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Constantin Clauzel
Constantin Clauzel

Posted on - yet another file transfer tool, but better... or is it?

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Yes, another one

不 So here we are, there's like 50 different solutions for file storage/backup/transfer, but there's not one just "simple" solution.
One where you can just drag and drop on one side, download on the other and you're done.

Nothing to install, no account to create or email to send; Just a simple damn file transfer!

I'm not going to repeat all the edge cases of each existing solutions, I think we all already know them way too well and xkcd already summarized it.
Between sending yourself slack DMs and trying to send pics split into 10MB chunks because the mail server rejects attachments >10MB, transferring files in 2023 is still a strangely convoluted process.

The Problem

To summarize existing solutions:

It's either storage based, so you upload on someone's hard drive first, and then send a link to the receiving end which downloads from the said hard drive.

Or p2p, those usually rely on webRTC, the API now available on most browsers to establish peer-to-peer (direct) connections between two devices.

Storage solutions

Storage based services are a good pick when you want to send a single file to someone else. They're quite convenient but if you're just transferring files between two computers that are next to each other it's quite overkill.

Not only is the process way too heavy for the purpose (upload on server, enter email, open email, download etc..), but it's also a giant waste! Power consumption due to stale file storage makes no sense, and is an easy hanging fruit when it comes to lowering our favorite tool's carbon footprint.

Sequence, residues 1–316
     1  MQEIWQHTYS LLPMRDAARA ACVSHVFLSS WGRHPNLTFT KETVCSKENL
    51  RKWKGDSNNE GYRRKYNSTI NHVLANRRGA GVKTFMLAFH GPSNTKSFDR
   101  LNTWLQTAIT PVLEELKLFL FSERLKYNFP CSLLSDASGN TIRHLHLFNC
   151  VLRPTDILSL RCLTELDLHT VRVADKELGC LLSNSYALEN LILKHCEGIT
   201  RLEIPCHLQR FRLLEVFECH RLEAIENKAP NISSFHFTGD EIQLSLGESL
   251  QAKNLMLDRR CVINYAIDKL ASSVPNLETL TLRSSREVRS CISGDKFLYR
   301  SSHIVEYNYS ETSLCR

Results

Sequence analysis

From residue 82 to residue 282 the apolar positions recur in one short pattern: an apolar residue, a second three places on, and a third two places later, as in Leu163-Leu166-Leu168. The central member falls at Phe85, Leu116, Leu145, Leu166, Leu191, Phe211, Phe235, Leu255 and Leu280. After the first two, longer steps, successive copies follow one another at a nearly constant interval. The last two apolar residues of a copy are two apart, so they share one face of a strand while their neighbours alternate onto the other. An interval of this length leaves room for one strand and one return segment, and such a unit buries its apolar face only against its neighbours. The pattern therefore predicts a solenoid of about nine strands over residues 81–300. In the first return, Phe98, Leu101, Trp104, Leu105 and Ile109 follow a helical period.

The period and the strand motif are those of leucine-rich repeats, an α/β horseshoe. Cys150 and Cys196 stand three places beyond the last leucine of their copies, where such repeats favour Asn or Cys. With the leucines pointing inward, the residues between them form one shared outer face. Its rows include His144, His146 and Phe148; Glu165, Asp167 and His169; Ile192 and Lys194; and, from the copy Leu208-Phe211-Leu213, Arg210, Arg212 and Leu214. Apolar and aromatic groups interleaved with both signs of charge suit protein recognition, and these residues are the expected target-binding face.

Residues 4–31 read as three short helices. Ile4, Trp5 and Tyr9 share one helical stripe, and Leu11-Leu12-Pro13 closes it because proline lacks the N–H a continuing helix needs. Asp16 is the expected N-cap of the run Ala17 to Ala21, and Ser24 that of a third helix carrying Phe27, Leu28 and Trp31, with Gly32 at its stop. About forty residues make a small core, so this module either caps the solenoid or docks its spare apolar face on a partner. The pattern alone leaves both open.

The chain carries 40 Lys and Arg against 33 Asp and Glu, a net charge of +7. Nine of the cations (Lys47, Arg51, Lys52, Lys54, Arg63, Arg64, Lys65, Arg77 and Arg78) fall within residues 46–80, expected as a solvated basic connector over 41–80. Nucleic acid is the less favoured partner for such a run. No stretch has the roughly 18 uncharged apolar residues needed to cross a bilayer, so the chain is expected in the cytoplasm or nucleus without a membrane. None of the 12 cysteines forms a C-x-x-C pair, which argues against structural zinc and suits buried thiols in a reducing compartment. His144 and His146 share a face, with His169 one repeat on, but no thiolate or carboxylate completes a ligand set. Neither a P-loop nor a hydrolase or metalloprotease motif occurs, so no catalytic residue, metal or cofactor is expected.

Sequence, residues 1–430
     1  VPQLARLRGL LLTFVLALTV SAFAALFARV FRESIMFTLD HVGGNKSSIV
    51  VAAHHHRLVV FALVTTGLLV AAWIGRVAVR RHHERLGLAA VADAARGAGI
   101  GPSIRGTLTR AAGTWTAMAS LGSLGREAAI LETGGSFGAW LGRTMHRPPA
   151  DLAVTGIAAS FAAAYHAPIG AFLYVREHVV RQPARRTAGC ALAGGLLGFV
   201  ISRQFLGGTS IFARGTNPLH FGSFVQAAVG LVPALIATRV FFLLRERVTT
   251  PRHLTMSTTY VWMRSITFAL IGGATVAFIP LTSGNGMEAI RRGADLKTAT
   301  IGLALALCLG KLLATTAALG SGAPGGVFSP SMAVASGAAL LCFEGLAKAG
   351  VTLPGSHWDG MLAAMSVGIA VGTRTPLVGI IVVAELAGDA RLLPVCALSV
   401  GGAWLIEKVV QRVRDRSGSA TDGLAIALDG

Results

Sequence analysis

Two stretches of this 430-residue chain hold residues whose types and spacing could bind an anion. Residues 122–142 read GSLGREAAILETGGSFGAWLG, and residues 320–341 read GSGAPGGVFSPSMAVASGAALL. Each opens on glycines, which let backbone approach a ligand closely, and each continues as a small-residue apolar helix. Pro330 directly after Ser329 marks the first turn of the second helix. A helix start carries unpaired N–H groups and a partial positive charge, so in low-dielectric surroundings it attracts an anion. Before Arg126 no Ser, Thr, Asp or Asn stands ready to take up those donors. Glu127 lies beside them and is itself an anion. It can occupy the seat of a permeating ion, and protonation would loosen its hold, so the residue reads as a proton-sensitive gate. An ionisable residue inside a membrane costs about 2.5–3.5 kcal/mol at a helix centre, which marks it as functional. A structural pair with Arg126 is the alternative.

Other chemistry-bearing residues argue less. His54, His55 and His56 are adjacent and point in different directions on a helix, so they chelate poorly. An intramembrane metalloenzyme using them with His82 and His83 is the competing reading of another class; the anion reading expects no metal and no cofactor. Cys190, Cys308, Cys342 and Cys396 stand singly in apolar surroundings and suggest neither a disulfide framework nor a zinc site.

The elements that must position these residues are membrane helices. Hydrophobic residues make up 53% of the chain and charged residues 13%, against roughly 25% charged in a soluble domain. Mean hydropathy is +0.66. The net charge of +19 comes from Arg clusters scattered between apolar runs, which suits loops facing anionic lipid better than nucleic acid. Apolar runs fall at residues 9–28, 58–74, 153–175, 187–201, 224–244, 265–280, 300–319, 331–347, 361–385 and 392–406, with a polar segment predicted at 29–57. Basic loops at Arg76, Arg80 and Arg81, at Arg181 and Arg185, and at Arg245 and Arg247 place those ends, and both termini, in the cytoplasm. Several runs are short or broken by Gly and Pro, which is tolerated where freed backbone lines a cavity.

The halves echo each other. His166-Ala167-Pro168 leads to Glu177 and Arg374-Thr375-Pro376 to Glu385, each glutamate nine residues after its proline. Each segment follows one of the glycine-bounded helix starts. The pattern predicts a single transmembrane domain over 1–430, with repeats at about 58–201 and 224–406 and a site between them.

Currently, many experts estimate that data storage and transmission in and from data centers use 1% of global electricity.

The other problem with storage is that, well.. it's stored, which is an obvious potential privacy issue. And I'm not talking about nosy admins or marketers, their servers can just get hacked 氯儭.

Btw, the semi official story telling for NoUSB is that we wanted to send / pics to each other with my wife, and couldn't find a way without copying them on Mark Zuckerberg's hard drives

P2P (webRTC) solutions

P2P solutions are cool too, but the first problem is that while the webRTC APIs are widely available now, their reliability is still variable (yes I'm looking at you Firefox), and it can easily be blocked by network hardwares.

But what makes them unusable for file transfer for now is the lack of File system APIs on most browsers, and namely the showSaveFilePicker function that allows to open a file for writing.

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Sad developer noise

Without proper File system APIs all you're left with is a good ol' RAM buffer that you then turn to a blob URL to write the file to the file system.
In other words, the size of files you can download depend how much RAM the browser can consume.

The last big problem with P2P file transfers is IP leaking, so if you're using it to transfer to someone online, just keep in mind he will certainly end up with your IP address .

What I wanted

So based on that, here's the solution I wanted, it had to be web-based to avoid the mobile app trap (becoming google/apple's bitch, appstore friction, "multi-platform" tech hell etc..).

And it had to ONLY rely on widely and reliably implemented browser APIs, so no cutting edge APIs that are barely implemented in just one variant of browsers.